Ndzube himself isn’t afraid to learn from other artists. His work takes inspiration from Heironymous Bosch, known for his whimsical depictions of biblical scenes, and Italian sculptor and painter Michelangelo. Ndzube used a multidisciplinary approach by studying magical realism as a literary genre and closely looking at Gabriel García Márquez’s One Hundred Years of Solitude. 

The work of Simphiwe Ndzube is far from the only art that writers can learn from. Songwriters carefully craft albums to create an auditory experience, and ballets often tell stories. Abstract artists create tension in their pieces by using texture, symbolism, and blank space. I realized that when I examined the art I am surrounded by every day, I couldn’t help but be inspired. So, learn to knit, listen to that free bluegrass concert in the park, take time to appreciate the graffiti in your neighborhood, buy yourself flowers to examine the arrangement, and most of all, enjoy yourself. 

Meet the blogger:

OLIVIA ROSE LEE is working on her BFA in creative writing at Hamline University. She is an aspiring novelist interested in exploring environmental writing, mixed media art, and modern folklore.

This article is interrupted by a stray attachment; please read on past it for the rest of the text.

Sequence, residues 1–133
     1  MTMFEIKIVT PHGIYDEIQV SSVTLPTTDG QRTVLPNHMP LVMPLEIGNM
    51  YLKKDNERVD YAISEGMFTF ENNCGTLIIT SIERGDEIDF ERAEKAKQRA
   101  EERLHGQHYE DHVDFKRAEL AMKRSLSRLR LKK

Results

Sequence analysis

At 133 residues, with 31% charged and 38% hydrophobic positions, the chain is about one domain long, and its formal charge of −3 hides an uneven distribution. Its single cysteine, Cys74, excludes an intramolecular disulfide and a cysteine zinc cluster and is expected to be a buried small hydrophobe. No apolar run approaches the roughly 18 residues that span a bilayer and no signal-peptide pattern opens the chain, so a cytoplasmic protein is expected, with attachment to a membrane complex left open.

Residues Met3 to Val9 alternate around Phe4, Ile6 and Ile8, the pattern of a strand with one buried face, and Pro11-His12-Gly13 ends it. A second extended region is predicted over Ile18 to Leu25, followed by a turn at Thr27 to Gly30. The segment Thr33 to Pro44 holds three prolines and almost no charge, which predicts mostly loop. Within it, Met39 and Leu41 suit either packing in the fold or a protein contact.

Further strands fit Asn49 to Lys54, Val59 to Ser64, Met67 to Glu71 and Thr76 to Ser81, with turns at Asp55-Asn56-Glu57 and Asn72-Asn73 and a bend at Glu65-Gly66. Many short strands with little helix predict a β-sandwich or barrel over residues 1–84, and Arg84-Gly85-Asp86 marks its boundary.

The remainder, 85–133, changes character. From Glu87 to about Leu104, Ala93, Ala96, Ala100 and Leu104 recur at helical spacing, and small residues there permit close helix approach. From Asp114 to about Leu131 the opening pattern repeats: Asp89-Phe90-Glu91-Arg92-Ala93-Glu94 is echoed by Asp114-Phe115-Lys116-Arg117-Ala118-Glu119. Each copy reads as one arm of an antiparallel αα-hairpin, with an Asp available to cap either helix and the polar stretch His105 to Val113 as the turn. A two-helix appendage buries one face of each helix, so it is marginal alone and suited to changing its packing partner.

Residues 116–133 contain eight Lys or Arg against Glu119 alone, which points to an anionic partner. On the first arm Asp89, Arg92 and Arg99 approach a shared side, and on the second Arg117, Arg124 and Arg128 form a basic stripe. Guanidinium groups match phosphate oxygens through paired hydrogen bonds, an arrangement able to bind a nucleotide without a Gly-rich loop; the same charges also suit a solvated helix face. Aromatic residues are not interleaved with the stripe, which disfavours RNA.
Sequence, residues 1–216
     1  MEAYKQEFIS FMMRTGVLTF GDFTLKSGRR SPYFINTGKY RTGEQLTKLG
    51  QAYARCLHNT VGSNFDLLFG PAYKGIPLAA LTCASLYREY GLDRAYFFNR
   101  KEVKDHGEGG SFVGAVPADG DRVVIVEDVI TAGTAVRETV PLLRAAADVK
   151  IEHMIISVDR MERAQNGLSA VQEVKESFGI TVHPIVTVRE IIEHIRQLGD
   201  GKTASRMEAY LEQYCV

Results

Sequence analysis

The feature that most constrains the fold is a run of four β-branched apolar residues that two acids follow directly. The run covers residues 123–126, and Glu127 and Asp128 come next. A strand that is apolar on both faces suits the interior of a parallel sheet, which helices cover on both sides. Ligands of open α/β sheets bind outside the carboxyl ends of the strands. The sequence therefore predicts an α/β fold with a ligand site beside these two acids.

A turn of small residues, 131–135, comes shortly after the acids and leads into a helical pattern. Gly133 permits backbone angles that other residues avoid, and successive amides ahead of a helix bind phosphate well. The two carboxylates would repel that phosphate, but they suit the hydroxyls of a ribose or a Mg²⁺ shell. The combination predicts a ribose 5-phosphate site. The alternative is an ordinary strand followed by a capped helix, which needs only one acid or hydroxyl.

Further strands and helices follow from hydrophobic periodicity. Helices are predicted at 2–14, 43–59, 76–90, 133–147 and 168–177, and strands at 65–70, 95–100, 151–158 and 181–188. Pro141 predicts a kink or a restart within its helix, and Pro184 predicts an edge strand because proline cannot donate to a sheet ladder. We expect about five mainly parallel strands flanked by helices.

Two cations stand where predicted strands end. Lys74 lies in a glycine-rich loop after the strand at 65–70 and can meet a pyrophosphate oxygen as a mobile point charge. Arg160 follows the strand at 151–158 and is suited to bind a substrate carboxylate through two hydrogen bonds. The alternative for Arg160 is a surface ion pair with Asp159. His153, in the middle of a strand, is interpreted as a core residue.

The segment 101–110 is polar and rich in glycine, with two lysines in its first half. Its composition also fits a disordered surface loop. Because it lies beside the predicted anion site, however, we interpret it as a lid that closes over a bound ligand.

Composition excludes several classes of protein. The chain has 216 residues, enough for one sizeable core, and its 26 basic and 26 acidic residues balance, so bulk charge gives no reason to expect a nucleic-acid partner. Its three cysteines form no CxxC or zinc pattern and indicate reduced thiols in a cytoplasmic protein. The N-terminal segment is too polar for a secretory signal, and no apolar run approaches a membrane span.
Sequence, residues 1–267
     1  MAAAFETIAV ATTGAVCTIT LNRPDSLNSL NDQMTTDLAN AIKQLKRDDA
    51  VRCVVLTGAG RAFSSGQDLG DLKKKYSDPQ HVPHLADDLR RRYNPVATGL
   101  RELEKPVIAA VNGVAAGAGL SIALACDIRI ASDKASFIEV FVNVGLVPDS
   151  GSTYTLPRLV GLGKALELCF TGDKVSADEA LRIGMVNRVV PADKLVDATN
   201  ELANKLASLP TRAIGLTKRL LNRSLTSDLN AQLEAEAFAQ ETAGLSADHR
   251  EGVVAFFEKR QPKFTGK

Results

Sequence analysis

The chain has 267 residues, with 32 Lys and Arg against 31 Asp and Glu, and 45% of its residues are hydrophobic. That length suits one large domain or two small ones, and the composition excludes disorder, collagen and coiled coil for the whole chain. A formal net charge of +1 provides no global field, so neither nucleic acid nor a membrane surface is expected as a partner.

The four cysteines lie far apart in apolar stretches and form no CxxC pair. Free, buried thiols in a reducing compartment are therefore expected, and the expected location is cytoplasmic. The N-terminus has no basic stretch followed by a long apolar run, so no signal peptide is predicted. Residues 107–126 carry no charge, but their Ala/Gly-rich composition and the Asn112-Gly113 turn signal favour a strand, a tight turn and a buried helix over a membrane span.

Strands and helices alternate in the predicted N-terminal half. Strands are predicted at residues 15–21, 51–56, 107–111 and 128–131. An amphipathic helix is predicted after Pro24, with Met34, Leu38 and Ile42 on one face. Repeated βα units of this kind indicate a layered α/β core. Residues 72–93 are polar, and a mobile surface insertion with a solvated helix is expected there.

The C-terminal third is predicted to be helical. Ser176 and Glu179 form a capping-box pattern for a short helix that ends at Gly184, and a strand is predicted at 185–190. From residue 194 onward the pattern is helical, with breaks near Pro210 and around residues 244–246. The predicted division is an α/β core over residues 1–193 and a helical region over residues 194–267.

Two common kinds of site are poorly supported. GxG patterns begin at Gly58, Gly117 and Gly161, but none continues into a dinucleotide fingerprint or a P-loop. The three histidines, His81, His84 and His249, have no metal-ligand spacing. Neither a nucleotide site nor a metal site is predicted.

Invitation to My Literary Dinner Party

Invitation to My Literary Dinner Party

Ever wondered what it might be like to meet a writer? To engage in conversation or to hear the perspectives from literary creators themselves? I present to you my literary dinner party with five writers sharing their insights over drinks, dinner, and conversation. 

 

#5) Augustina Bazterrica

Augustina Bazterrica published Tender is the Flesh back in 2017 to much acclaim. A dystopian tale centering around a global transition from the consumption of livestock to humans in only a few short decades. The focus on words constantly calls attention to how language itself can be (and often is) used to control people by altering understandings surrounding issues. 

Bazterrica is a talented writer with her finger on humanity’s pulse, and her insights on societal structures would be invaluable. What wisdom could she impart on America’s structures and power imbalances, and are we also being controlled through our language as well? I have a feeling meat would be off the menu for Bazterrica so let’s start with a hearts of palm salad, a common dish in her country of Argentina.

 

#4) James Baldwin